stop The just released IPCC AR6 synthesis report seems a bit woo to me; the woke folk have got carried away. I don't think that's a good idea6.

I was going to whinge about António Guterres saying dumb IPCC-related things but I discover that he is indeed just a pol so I think I'll have to learn to ignore him2.

Science of Doom has been looking at the AR6 WG1 report and isn't quite happy3; but I want to look at the synthesis report. And life being short, I'll only read the so-called Summary for Policymakers. Some of it is perfectly unexceptionable4: for example, Human activities, principally through emissions of greenhouse gases, have unequivocally caused global warming, with global surface temperature reaching 1.1°C above 1850–1900 in 2011–2020. But then it veers off into "unequal historical and ongoing contributions". This is undoubtedly true, but being the bleedin' fuckin' obvious, doesn't belong here. Later on, we are astonished to discover that poor people emit less CO2 than rich people5.

We also have "Vulnerable communities who have historically contributed the least to current climate change are disproportionately affected" which is true, but dull. Being poor makes you vulnerable; part of being rich is not being vulnerable; this is what being rich is all about. It would be nice to see the report endorsing the obvious solution: people become richer. But that piece of the bleedin' obvious is beyond them7.

Not something I'm going to rant about, but something I'm dubious about: Climate change has caused substantial damages, and increasingly irreversible losses, in terrestrial, freshwater, cryospheric, and coastal and open ocean ecosystems. My suspicion is that far far more ecosystem damage is at present done by overfishing, deforestation, farming and the like than is done by GW.

I read that "Increasing weather and climate extreme events have exposed millions of people to acute food insecurity and reduced water security". How many is millions? Let us imagine, seven millions: had they meant tens of millions, they would have said so. So that's 0.1% of the world population: a pretty good result, I think you'll agree. 99.9% have not been exposed climatically to food insecurity. Of course there is no space to say that crap government has exposed rather more to insecurity and worse.

Anyway, meh, it confirms my impression that WG1 is the best part of the IPCC. If you'd like to read someone being nice about Syn instead, big G retwat ZH pointing to CarbonBrief.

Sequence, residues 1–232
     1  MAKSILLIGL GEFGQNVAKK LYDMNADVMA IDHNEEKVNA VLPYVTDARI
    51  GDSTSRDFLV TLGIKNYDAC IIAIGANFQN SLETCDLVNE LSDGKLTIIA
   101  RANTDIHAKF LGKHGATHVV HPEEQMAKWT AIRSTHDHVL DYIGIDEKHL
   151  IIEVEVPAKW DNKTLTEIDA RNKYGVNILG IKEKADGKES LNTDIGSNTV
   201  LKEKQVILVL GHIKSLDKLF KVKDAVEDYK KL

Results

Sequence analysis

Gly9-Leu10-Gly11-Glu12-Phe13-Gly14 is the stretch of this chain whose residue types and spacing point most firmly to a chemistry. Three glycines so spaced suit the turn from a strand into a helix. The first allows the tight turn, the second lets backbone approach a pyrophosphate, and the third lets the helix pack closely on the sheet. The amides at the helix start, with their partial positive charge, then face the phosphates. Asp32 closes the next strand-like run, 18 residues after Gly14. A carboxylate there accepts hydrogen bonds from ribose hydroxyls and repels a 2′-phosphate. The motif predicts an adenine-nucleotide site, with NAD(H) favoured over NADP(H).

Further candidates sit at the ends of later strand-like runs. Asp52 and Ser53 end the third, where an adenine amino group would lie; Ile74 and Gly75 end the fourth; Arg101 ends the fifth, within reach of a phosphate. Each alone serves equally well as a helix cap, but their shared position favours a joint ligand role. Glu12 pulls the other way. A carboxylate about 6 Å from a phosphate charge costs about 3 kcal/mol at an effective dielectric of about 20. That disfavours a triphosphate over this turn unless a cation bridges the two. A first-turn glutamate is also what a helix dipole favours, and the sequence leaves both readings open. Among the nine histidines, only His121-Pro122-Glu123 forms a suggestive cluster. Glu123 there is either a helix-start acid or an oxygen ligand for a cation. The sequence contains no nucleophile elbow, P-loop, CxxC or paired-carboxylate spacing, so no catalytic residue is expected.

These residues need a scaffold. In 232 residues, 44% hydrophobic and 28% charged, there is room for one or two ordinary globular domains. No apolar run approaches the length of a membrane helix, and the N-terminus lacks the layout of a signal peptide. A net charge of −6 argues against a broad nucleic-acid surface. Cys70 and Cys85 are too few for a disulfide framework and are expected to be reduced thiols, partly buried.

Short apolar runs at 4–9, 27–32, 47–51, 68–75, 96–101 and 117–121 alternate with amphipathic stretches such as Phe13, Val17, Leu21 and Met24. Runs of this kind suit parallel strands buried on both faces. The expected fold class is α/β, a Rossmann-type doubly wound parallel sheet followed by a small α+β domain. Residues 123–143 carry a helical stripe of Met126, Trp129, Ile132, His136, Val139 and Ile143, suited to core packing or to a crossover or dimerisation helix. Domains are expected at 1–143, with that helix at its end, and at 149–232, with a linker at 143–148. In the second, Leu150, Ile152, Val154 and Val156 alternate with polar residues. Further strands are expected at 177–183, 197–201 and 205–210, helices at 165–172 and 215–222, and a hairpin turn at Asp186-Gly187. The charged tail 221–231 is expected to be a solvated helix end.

We also have "From a physical science perspective, limiting human-caused global warming to a specific level requires...". I think I've said before that I don't like the "a specific level"; I realise that the report is constrained by their policy, but I'd prefer to have them admit that as an explicit constraint: we would have discussed other stuff, but they won't let us. But I'm not surprised they don't get to say that.



* The 1619 Project on Hulu Vindicates Capitalism

Carbon budgets and carbon taxes

* Conservatives Win All the Time: Understanding one of the founding myths of the New Right

* "Climate change is a bit like a policy inkblot on which people map their hopes and values associated with their vision for what a better world would look like... it should not be a surprise that scientific information cannot lead to political consensus" - RP Jr.

* Book Review: Anaximander By Carlo Rovelli; CIP.

Yellen: Sanctions Kill Iranians and Don't Work So Let's Impose More

* But Judith Curry goes too far, IMO.

Prosecuting Donald Trump over Stormy Daniels looks like a mistake. Ref: Orange Man Bad. The problem is that if the crime is trying to overthrow an election, then prosecuting him for mislabelling expenses is wrong. The Rule of Law and the Proliferation of Laws by Pierre Lemieux sounds like it is arguing the reverse, but probably isn't: Trump is certainly wrong to feel some wealth-and-importance-given right not to be arrested,; PL counters with "The danger for the rule of law comes from the proliferation of legal obligations and bans" which is about right: the problem is that Joe Public would get a fine for what Trump is accused of, as many have pointed out; the contorted elevation to a felony is perhaps legally possible but doesn't look like equal justice. Why do Democrats keep helping Trump? continues the Economist, including the regrettable-because-plausible they do want to help him, cos they think he is the most beatable.